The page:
Energy efficiency has been in the news a lot over the last month, as President Barack Obama announced his new goals for the country's power at the beginning of June. In the new set of initiatives that the president put forward, the Environmental Protection Agency (EPA) would have a stronger ability to regulate the carbon dioxide emissions of major power plants – authority that was largely upheld by the Supreme Court in a new decision earlier this week. President Obama wants the country to cut the amount of carbon the U.S. produces by a full 30 percent by the year 2030.
While the executive and judicial branches have been making headlines in regards to energy efficiency, the legislative branch has also taken action on this same issue. After the failure of a reformed draft of the Shaheen-Portman energy bill in the Senate in early May, many experts believed that this Congress would not take up the issue of energy again. This was proven untrue, as this week the GOP-controlled House of Representatives passed two energy bills, HR 4092 and HR 4801, which both tackle how the country consumes power in different ways.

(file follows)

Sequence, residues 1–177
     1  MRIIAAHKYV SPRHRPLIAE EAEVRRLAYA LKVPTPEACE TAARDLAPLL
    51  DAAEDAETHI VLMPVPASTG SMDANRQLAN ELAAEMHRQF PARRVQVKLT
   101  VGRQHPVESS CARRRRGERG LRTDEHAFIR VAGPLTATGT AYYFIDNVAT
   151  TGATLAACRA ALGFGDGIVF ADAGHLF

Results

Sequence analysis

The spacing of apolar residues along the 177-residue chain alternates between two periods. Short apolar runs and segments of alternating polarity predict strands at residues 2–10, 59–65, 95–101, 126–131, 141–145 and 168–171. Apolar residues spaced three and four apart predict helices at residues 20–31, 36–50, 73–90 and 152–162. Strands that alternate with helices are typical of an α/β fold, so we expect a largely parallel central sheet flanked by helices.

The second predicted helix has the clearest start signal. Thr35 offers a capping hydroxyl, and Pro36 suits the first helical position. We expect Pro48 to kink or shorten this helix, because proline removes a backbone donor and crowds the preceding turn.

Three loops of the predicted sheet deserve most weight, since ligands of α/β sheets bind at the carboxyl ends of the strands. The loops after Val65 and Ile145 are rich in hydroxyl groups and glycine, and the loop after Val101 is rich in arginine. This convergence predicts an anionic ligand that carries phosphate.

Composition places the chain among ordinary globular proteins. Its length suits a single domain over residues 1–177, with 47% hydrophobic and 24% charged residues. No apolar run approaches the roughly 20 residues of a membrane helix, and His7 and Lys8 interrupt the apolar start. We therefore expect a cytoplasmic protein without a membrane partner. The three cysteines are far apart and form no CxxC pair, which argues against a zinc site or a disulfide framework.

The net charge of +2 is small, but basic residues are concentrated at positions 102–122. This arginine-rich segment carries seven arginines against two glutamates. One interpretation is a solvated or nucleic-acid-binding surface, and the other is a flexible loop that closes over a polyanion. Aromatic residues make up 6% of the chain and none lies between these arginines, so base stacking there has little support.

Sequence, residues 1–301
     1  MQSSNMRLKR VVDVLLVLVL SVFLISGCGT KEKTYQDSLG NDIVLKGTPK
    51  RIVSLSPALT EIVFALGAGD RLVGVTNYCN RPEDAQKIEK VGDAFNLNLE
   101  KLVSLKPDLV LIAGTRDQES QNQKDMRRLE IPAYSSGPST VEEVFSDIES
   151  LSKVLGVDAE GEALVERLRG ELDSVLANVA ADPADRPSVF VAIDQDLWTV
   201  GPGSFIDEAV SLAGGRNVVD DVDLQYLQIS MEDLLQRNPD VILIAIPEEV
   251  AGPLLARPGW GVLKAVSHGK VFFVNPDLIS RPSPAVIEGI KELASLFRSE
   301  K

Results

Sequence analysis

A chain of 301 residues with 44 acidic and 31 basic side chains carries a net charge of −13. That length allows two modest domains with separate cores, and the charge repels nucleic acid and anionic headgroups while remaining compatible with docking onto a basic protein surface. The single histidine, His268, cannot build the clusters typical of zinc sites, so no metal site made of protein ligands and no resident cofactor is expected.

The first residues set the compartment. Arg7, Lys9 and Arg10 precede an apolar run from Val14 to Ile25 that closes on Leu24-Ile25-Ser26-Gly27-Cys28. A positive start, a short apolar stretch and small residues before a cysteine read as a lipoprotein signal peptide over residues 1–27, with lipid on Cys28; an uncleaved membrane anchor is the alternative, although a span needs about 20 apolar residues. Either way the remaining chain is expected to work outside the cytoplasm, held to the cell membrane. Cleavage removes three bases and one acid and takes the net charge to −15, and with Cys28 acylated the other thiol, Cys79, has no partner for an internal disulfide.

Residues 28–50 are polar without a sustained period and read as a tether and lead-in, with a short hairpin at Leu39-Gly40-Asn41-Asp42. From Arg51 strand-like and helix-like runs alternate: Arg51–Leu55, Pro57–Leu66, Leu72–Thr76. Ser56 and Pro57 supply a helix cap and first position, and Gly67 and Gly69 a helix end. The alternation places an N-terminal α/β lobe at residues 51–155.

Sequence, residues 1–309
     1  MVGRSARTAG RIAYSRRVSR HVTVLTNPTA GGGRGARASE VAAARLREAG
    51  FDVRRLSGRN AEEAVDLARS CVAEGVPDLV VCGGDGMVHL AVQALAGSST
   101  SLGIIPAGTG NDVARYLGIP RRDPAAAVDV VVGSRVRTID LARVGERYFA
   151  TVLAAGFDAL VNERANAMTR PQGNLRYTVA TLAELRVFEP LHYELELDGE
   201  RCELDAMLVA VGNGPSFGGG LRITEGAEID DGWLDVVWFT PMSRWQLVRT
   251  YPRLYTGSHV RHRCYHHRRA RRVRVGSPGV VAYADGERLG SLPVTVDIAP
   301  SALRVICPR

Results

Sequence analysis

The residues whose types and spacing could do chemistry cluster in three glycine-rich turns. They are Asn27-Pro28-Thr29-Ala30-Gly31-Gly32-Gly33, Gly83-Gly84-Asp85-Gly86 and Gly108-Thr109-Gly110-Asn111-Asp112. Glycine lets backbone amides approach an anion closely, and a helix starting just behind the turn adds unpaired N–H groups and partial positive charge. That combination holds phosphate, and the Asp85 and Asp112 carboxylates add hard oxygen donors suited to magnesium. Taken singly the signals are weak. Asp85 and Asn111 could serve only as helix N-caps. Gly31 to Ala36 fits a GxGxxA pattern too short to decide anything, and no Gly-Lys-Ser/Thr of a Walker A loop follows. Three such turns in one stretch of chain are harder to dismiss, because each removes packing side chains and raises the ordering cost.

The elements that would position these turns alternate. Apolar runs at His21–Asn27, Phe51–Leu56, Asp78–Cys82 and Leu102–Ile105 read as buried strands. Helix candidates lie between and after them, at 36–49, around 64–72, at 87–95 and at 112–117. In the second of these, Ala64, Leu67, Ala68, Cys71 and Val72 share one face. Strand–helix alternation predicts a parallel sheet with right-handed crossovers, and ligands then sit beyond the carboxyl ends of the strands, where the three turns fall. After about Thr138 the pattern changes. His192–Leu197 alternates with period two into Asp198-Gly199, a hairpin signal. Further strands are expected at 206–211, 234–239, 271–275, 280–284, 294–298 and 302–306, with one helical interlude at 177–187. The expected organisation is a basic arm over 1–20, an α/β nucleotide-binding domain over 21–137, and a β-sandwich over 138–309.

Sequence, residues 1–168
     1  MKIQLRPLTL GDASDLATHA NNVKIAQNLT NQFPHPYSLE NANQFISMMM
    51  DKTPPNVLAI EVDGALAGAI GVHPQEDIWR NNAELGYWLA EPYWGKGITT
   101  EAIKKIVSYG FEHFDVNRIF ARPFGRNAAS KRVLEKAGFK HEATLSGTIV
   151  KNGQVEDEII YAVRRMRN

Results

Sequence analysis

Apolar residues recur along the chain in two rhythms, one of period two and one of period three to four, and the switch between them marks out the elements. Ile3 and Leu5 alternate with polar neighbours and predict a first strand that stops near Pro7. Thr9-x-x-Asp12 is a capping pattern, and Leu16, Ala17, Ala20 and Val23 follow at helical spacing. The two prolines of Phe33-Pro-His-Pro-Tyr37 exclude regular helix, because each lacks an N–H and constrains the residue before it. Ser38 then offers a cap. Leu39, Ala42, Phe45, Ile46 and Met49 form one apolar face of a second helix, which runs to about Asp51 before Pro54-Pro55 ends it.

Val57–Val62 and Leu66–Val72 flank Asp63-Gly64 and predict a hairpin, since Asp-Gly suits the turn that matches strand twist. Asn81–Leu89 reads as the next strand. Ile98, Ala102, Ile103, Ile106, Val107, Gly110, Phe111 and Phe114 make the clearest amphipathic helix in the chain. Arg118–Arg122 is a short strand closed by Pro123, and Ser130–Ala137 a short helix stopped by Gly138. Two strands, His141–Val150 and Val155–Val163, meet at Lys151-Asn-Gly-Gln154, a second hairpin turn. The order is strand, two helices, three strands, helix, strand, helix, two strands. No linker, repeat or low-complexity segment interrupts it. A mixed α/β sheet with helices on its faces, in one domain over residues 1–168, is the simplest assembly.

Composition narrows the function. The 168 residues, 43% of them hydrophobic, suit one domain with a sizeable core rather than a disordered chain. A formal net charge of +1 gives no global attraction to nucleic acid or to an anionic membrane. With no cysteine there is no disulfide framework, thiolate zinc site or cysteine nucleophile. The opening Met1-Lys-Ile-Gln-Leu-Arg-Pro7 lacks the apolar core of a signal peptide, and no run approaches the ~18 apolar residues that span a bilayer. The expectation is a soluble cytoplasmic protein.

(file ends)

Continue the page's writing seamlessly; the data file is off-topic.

HR 4092, if passed by the Senate and signed into law by President Obama, would have a much more immediate effect on our lives. The purpose of the bill is to create an office within the Department of Energy (DOE) that would help create and coordinate federal, state and local programs designed to help schools across the country become more energy-efficient. According to reports from the DOE, schools spend a combined $6 billion each year on energy, which is the second-largest expense after personnel.
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